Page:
The majority of domestic rats originate from Rattus Norvegicus i.e. the brown rat. The brown rat began its domestication in the 18th an 19th centuries when rat-catchers would trap rats all throughout Europe.
These trapped rats would then be killed or sold to be used in the popular blood sport called Rat-baiting until the beginning of the 20th century. It is believed that both rat-catchers and those that participated in the blood sport began to keep certain odd coloured rats that differed from the dark murky agouti typical wild rats eventually breeding them and selling them as pets.
The two men that are believed to have formed the basis of the rat fancy are Jack Black - Rat catcher to Queen Victoria and Jimmy Shaw - Manager to one of the largest sporting public houses in London.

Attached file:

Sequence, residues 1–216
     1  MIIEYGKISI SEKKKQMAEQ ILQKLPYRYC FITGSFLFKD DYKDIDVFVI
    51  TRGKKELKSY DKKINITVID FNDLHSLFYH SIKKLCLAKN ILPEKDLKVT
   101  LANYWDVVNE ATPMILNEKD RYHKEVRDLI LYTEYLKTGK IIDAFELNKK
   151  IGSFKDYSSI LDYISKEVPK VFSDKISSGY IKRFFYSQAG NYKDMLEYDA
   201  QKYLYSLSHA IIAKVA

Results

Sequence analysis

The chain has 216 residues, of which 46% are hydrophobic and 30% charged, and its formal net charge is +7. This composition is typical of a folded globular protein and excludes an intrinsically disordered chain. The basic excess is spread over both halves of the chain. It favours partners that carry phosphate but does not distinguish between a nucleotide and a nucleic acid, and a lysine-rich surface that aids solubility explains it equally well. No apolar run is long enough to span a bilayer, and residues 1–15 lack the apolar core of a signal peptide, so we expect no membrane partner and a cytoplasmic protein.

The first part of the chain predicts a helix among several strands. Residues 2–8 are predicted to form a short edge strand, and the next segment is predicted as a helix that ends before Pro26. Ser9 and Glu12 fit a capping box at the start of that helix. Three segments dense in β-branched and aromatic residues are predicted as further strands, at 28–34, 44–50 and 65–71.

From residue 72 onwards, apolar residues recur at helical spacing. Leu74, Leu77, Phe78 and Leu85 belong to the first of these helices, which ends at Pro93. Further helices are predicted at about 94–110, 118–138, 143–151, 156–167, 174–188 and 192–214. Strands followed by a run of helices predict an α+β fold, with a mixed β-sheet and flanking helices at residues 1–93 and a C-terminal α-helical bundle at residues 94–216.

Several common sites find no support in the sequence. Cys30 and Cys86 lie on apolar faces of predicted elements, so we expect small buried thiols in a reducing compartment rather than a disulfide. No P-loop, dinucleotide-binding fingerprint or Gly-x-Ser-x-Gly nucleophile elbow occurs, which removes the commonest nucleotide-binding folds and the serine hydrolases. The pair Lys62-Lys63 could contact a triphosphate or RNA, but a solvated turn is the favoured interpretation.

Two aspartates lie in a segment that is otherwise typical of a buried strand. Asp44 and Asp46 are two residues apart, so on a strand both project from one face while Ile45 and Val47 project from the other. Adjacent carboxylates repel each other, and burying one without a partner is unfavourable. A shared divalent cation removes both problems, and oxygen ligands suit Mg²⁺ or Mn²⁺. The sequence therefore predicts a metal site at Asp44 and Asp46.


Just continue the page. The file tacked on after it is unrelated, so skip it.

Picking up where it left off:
Rats are very social animals by nature and this is much of the reason why they are very well suited as human companions.
Many owners and breeders describe rats as small dogs - This is due to the bonds they form with their owners, their eagerness to interact with you, their love of food and the tricks they can be taught but unlike dogs they are fine to be left in their cage while you are at work, you don't have to leave the house to exercise them, there's no unpleasant surprises on the floor if you don't make it home in time to let them out (although some rat owners may beg to differ if there's anything within reach of grabbing paws)
They can also be litter trained, will generally be awake in time for coming home from school or work and a well socialised rat is very reluctant to bite. This makes them much more suitable choice for children than other small animals but that doesn't mean that they aren’t the perfect companion for adults as well.
REMEMBER: Always supervise children and all animals when together, it can take a split second for a child to hurt or scare a rat unintentionally.